Chile's President Gabriel Boric said at the end of April that he would nationalize the country's lithium industry to boost its economy and protect its environment.
"This is the best chance we have at transitioning to a sustainable and developed economy. We can't afford to waste it. Future lithium contracts would only be issued as public-private partnerships with state control." Boric said in an address televised nationwide.
In Boric’s speech he justified his actions and highlighted the economic and social reasons behind the nationalization and focused on environmental consciousness. Chile’s nationalization of lithium shows a coming international wave of protectionist policies revolving around Rare Earth Elements (REEs).The government would not terminate current lithium contracts, but hoped companies would be open to state participation before they expire.
Chile is one side of the Lithium Triangle that includes Argentina and Bolivia. Chile has the world’s third-largest reserves behind its neighbours, but its extraction efforts have allowed Chile to outproduce everyone globally. Earlier this year Tesla executives met with Chilean authorities to increase business cooperation as the EV maker plans to secure larger supplies of lithium.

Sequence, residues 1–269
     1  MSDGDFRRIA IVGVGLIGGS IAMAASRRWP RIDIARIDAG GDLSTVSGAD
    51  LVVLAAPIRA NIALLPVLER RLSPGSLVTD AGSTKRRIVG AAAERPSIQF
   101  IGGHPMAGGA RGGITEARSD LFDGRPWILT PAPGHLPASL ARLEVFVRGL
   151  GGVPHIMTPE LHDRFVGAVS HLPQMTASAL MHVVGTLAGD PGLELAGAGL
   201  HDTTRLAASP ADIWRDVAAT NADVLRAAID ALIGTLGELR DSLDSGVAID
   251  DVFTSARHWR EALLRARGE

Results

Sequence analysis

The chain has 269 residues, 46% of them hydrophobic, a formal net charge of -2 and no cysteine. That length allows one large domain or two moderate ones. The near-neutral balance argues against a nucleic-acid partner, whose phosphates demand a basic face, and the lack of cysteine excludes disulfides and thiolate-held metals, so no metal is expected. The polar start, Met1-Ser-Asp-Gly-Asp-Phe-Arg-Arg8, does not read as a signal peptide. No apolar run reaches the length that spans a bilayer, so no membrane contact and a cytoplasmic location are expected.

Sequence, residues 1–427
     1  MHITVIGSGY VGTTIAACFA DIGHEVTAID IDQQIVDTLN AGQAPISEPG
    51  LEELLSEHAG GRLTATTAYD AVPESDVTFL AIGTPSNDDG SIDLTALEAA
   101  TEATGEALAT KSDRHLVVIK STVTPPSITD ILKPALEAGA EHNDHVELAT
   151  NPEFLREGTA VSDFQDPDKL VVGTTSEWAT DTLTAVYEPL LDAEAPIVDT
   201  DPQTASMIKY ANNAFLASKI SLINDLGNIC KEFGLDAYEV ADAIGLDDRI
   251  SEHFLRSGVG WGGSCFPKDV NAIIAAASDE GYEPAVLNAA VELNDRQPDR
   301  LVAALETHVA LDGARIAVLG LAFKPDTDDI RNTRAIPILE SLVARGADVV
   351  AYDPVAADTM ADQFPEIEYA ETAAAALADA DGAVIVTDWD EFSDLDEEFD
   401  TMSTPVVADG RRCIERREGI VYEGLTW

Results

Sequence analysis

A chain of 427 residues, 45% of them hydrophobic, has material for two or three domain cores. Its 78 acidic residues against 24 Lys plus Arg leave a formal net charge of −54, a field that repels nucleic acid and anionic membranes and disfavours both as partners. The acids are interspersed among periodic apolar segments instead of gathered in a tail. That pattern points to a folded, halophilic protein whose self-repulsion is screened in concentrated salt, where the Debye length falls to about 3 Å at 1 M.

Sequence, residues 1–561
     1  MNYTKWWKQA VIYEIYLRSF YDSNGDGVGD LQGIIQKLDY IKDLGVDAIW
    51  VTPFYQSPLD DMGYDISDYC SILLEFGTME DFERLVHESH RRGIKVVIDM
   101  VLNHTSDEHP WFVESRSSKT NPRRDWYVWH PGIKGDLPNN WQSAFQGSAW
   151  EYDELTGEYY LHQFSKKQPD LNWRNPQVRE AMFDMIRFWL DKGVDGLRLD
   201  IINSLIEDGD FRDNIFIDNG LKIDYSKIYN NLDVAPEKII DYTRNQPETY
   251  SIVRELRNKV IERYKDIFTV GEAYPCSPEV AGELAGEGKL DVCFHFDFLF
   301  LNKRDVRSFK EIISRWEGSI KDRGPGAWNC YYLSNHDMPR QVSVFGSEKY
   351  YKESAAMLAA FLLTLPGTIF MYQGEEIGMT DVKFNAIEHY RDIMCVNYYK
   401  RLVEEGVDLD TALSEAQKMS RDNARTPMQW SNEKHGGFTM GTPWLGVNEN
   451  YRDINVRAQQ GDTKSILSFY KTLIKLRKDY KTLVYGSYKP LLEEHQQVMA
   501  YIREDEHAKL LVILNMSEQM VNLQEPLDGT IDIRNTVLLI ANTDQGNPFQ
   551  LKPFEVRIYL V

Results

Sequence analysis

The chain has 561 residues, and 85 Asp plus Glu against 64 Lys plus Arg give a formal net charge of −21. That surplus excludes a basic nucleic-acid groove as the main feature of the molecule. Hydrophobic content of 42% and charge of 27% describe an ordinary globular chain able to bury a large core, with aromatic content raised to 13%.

Boric promised that the new, state-owned company would do more than just collect profit from a natural resource. The company is betting on an emerging technology called Direct Lithium Extraction. This process uses less water and electricity and produces lithium in a more environmentally sustainable manner.